Scott, we only want to point out that the KC-30 may change CRAF and that such changes have effects that have not been fully investigated. Some in DoD might think it is a good thing to reduce dependence on CRAF, while others might see it as an expensive duplication of effort. Due to high fuel prices practically everyone in America is downsizing their vehicles. But, the Air Force is up sizing so they can haul more stuff. The question remains is this the most cost effective and efficient way to haul cargo?

Scott Hamilton said...

Valid point on CRAF but the reference to downsizing vehicles is mixing apples with oranges. While this may be true for motorists, airlines are striving for more efficient airliners. While it's true Boeing claims (underscore, "claims") that the KC-767 uses 24% less fuel than the KC-30 (the USAF, Northrop and Airbus say the difference is 6%), the greater capability of the KC-30 provides more efficiency on a payload basis; citing raw fuel burn figures is only half the story, as Boeing well knows but conveniently avoids. (Which I would, too, had I been them.)

I'll also point out that the airlines have long-since spoken on the 767 vs. A330 (on which the KC-30 is based): the A330 essentially put the 767 out of business and continues to sell extremely well; the 767 struggles to stay alive and does not sell well. This is an extremely telling fact.

The underlying question was and remains: what kind of airplane did the Air Force really want? "Just" a tanker (in which case, the KC-767 is the closer solution) or a much more capable multi-role tanker-transport (in which case the KC-30 is the better solution)? The Air Force ultimately said the latter.

The underlying question that has to be answered by the GAO is "What (if anything) did the Air Force tell Boeing and when did they tell it?" with respect to what sized airplane it wanted--or did Boeing completely misread the situation?

Tanker War Blog said...

Scott, one more comments post from us then we got to stop meeting on-line like this; people are going to start talking. Also, these are getting a bit long winded and we can always take our policy ponderings off-line.

First, we would counter that the concept of having more cargo capability than you need whether it be a large SUV or a tanker/cargo is not an apples to oranges comparison. Our point is that you end up paying daily for a capability you possibly need only occasionally.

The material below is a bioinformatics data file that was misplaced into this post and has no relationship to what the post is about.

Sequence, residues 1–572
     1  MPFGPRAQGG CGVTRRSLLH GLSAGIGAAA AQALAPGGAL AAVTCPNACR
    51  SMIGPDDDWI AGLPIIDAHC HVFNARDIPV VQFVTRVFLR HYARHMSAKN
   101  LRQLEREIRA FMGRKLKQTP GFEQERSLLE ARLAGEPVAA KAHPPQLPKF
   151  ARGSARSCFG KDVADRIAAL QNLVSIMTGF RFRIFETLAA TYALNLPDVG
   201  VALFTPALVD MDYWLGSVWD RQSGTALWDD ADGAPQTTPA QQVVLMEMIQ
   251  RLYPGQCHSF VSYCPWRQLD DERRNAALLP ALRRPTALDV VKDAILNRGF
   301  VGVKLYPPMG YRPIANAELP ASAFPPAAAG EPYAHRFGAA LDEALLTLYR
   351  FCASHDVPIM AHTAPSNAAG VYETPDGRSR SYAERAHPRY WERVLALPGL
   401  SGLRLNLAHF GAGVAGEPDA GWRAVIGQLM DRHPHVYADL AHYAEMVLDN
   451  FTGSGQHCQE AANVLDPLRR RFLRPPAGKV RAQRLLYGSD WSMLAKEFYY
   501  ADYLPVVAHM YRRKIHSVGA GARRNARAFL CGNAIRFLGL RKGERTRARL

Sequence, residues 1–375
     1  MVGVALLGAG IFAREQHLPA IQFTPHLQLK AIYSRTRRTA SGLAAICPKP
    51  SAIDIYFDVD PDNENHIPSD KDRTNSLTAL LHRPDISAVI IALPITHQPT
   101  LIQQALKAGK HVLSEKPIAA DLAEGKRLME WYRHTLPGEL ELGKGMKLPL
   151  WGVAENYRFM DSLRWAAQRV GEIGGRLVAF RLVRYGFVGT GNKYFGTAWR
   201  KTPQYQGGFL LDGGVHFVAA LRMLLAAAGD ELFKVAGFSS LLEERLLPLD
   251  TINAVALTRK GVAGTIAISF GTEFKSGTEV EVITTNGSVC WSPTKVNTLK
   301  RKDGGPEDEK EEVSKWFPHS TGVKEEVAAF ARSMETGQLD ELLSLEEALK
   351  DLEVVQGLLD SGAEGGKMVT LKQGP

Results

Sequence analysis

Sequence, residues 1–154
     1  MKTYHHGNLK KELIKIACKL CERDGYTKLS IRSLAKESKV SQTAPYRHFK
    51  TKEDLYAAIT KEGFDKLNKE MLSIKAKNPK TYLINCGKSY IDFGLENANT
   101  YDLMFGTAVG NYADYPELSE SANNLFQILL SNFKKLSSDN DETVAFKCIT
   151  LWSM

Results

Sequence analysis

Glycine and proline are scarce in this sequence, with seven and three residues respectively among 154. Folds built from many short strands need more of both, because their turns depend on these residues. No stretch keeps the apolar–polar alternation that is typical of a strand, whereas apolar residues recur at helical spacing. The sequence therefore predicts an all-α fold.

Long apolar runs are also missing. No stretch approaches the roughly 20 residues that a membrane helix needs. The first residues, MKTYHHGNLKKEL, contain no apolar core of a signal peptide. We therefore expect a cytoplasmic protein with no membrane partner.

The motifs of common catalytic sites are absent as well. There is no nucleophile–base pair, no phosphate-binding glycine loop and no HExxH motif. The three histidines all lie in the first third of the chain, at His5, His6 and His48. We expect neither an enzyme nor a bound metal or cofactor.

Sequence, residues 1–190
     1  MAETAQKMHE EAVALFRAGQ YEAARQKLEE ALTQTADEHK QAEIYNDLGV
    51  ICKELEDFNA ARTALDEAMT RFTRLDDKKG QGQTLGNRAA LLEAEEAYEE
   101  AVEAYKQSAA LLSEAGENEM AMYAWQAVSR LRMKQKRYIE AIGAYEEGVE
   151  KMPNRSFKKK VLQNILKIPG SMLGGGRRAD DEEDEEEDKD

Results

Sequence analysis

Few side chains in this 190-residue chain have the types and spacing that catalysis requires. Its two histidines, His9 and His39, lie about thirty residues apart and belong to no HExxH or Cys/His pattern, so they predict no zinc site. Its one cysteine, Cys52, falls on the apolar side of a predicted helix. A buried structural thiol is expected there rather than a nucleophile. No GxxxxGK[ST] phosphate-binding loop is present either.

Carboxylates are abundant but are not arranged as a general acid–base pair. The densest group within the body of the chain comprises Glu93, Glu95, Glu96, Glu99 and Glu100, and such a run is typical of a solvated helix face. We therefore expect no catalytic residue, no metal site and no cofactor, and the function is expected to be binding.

Second, in our minds it really would not matter who’s fuels statistics you believe, because the Air Force should have had their own analysis on fuel usage as part of their determination of life-cycle costs. As Dr. Thompson pointed out yesterday, it doesn’t seem they did.

Third, the fact that “airlines have long-since spoken on the 767 vs. A330” in our minds may be a false comparison. The airlines main job is to carry pax while the tankers main job is to pass fuel. If the Air Force wants to get in the airline business than yes may be the A330 is the better choice.

You are right that for the GAO the question may ultimately be “What kind of airplane did the Air Force want?” But of we would propose the question for Congress and DoD should be “What kind of aircraft does the Air Force need?”

Best regards,
Tanker War Blog

ewaggin said...

Scott Hamilton -

You neglected to mention that the airlines have also spoken on the 777 vs the A330. Unsurprisingly, since the 777 has beaten the pants off the A330 since it entered the market (and despite a 3 yr headstart for the A330).

If the USAF is concerned about carrying cargo (other than to destinations that can only be served by the C-17), they would be far better off to buy the 777F (or sponsor its use in the CRAF).

Scott Hamilton said...

Hi EWaagin:

I agree the market has spoken on the 777 vs. the A340 (not the A330). The A340 is the competitor to the 777; the A330 is the competitor to the 767.

ewaggin said...

Scott -

The 777 competes against both the A330 and the A340, and always has. It could do so because it was certified for ETOPS from the beginning.

Airbus bet against ETOPS, and sold the A330 for shorter flights and the A340 for longer ones.

But ETOPS has been a big success, and orders for the A340 have just about stopped, as it is much more expensive to operate.

Anonymous said...

as a complete outsider I have to wonder about this blog. The moment the announcement was made 'good ol' Boing (sp deliberate) threw in the joker card and the good ol' GOA sided with them - is there EVER a fair competition when dealing with Boing???
p.s. who is paying for all this - oh yes - the American Tax Payer - poor sods...